Water-laden clouds

Parade majestically past

Flashing their golden swords.23


                        Or, a poem about passionate love:

How I wish I could split my heart

With a knife

Put you inside

Then close up my chest


So that you would be in my heart

And not in another’s

Until the resurrection

And the day of judgment.


There you would stay while I lived

And after my death

You would remain buried deep in my heart

In the darkness of the tomb.24


            The Jews of Andalusia, too, were quick to adopt the Arabic language.  Arabic works of poetry inspired them to write poetry of their own, in Hebrew, in the Arabic style, for use in their synagogues.  For example, Solomon Ibn Gabirol, a renowned Jewish writer of Andalusia writes in the Arabic style of humility before God:

With lowly spirit, lowered knee and head

In fear I come; I offer Thee my dread.

But once with Thee I seem to have now worth

More than a little worm upon the earth.

O Fullness of the World, Infinity—

What praise can come, if any can, from me?

Thy splendor is not contained by the hosts on high,

And how much less capacity have I!

Infinite Thou, and infinite Thy ways;

Therefore the soul expands to sing thy praise.25


                        Arabic verse was not the only influence which Muslim culture had on the Jews of Andalusia.  Muslim study of the Qur’an and the hadith (the traditions of the prophet, Muhammed), as well as the debates among the interpreters of the Sharia (Muslim Law), inspired Jewish scholars to more intensely study their own Bible, Talmud, and halakhah (Jewish law).  Muslim study of the Arabic language as that best suited to poetry and religion would lead Jewish scholars to more closely examine their own language of Hebrew as the language of the Bible, and explore ways to create with it new forms of secular poetry.  This spirited sense of competition would later lead to competing philosophical treatises concerning the relation of man and God, which would then become the basis for later Christian theological philosophy.26

           Tolerance, being a relative term, does not describe the attitude perceived by all members of the population of Andalusia under Muslim rule.  For the Jews, accustomed to separation, forced conversion, and severe persecution under their former Christian rulers, the infliction of a poll tax for the purposes of practicing their religion freely was a small enough price to pay and an example of great tolerance for their faith.  Among the Christians, however, accustomed to being allowed not only to practice their own faith freely, but also to preach it publicly, and spread the word to all unbelievers, Muslim policy was not perceived as tolerance, but rather as intolerance.  Consequently, some church leaders sought to create unrest among the Christians, and active persecution was conducted against those Christians who converted.  Some other Christians chose to martyr themselves by openly criticizing Muhammed, an act that was not tolerated by the Muslim leadership and which resulted in death to the perpetrator.  Nevertheless, despite such demonstrations, mostly peaceful relations did exist among the three groups in Andalusia.28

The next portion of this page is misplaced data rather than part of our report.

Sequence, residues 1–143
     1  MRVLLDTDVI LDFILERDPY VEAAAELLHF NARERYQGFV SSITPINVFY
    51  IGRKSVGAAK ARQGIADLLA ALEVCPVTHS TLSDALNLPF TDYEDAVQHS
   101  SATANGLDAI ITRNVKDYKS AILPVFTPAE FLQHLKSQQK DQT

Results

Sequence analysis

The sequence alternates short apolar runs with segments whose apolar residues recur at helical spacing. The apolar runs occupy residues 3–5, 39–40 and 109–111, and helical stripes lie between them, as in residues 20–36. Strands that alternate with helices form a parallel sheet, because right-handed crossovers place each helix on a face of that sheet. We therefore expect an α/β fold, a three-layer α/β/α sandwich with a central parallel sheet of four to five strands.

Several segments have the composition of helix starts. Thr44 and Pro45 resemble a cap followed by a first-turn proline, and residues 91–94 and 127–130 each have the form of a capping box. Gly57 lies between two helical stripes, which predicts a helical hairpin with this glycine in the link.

In the North of Spain, however, the Christians gradually began to take back the territory won by the Berber armies in the early days of Muslim rule.  Christian states arose in Aragon, Leon, Navarre, Castile, and Portugal confining Muslim rule to the Southern region of Spain.28 However, constant rivalries and infighting among the Christian states allowed Andalusia to exist in relative peace throughout the Umayyad period.

           In 793, the paper industry found its way to Baghdad from China, and spread throughout the Abbasid empire and ultimately to Jativa, Spain near Valencia.  Its easier and less expensive production over either papyrus or parchment meant that reading rooms and Libraries could be expanded throughout the Abbasid empire and in Andalusia.  Cordoba alone contained some seventy libraries housing hundreds of thousands of volumes.29 Works received from Byzantium through trade by Mamoun, son of the Abbasid Caliph Harun al-Rashid, were brought back to Baghdad to be translated from the Greek into Arabic and made available to all through these libraries.30